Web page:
R is a language and environment for statistical computing and graphics. It is a GNU project which is similar to the S language and environment which was developed at Bell Laboratories (formerly AT&T, now Lucent Technologies) by John Chambers and colleagues. R can be considered as a different implementation of S. There are some important differences, but much code written for S runs unaltered under R. R provides a wide variety of statistical (linear and nonlinear modelling, classical statistical tests, time-series analysis, classification, clustering, ...) and graphical techniques, and is highly extensible. The S language is often the vehicle of choice for research in statistical methodology, and R provides an Open Source route to participation in that activity. One of R’s strengths is the ease with which well-designed publication-quality plots can be produced, including mathematical symbols and formulae where needed. Great care has been taken over the defaults for the minor design choices in graphics, but the user retains full control. R is the base for many R packages listed in https://cran.r-project.org/

This software is also referenced in ORMS.

References in zbMATH (referenced in 3189 articles , 6 standard articles )

Showing results 1 to 20 of 3189.
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  1. Tanaka, Kentaro: Conditional independence and linear programming (to appear) (2019)
  2. Abdi, Hervé; Beaton, Derek: Principal component and correspondence analyses using R (to appear) (2018)
  3. Agasisti, Tommaso; Ieva, Francesca; Paganoni, Anna Maria: Heterogeneity, school-effects and the north/south achievement gap in Italian secondary education: evidence from a three-level mixed model (2017)
  4. Albatineh, Ahmed N.; Boubakari, Ibrahimou; Kibria, B.M.Golam: New confidence interval estimator of the signal-to-noise ratio based on asymptotic sampling distribution (2017)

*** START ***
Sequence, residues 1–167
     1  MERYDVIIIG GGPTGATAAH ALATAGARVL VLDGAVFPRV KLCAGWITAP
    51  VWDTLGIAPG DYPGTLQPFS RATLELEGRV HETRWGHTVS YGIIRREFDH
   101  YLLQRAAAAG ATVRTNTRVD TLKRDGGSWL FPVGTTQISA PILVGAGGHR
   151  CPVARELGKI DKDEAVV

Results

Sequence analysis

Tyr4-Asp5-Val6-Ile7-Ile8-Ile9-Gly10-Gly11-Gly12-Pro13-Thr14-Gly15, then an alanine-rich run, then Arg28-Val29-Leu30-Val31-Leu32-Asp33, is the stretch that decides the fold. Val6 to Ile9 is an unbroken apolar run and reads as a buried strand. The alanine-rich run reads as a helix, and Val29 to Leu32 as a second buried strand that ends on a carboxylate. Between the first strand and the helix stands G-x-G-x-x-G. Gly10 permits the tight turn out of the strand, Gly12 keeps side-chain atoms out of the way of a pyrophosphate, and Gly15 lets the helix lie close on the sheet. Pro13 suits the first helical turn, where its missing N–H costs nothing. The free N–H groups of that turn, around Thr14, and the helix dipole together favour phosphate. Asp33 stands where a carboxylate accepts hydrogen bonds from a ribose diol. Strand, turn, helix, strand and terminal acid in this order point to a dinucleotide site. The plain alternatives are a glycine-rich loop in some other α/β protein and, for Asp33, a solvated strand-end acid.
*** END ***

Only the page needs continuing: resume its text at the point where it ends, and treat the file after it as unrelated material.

5. Amatya, Anup; Demirtas, Hakan: PoisNor: an R package for generation of multivariate data with Poisson and normal marginals (2017)
  6. Andersson, Björn; Wiberg, Marie: Item response theory observed-score kernel equating (2017)
  7. Andrew Zammit-Mangion, Noel Cressie: FRK: An R Package for Spatial and Spatio-Temporal Prediction with Large Datasets (2017) arXiv
  8. Angelov, Angel G.; Ekström, Magnus: Nonparametric estimation for self-selected interval data collected through a two-stage approach (2017)
  9. Antoine Filipovic-Pierucci, Kevin Zarca, Isabelle Durand-Zaleski: Markov Models for Health Economic Evaluations: The R Package heemod (2017) arXiv
  10. Antony Overstall, David Woods, Maria Adamou: acebayes: An R Package for Bayesian Optimal Design of Experiments via Approximate Coordinate Exchange (2017) arXiv
  11. Arangala, Crista; Yokley, Karen A.: Exploring calculus. Labs and projects with Mathematica (2017)
  12. Arcagni, Alberto: On the decomposition by sources of the zenga 1984 point and synthetic inequality indexes (2017)
  13. Art B. Owen: A randomized Halton algorithm in R (2017) arXiv
  14. Asar, Özgür; Ilk, Ozlem; Dag, Osman: Estimating Box-Cox power transformation parameter via goodness-of-fit tests (2017)
  15. Ashley Petersen, Noah Simon, Daniela Witten: SCALPEL: Extracting Neurons from Calcium Imaging Data (2017) arXiv
  16. Audigier, Vincent; Husson, François; Josse, Julie: MIMCA: multiple imputation for categorical variables with multiple correspondence analysis (2017)
  17. Baharev, Ali; Schichl, Hermann; Rév, Endre: Computing the noncentral-$F$ distribution and the power of the $F$-test with guaranteed accuracy (2017)
  18. Balan, Raluca; Lamothe, Gilles: Expect the unexpected. A first course in biostatistics. (2017)
  19. Baumer, Benjamin S.; Kaplan, Daniel T.; Horton, Nicholas J.: Modern data science with R (2017)
  20. Beckerman, Andrew P.; Petchey, Owen L.: Getting started with R. An introduction for biologists. (2017)

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Further publications can be found at: http://journal.r-project.org/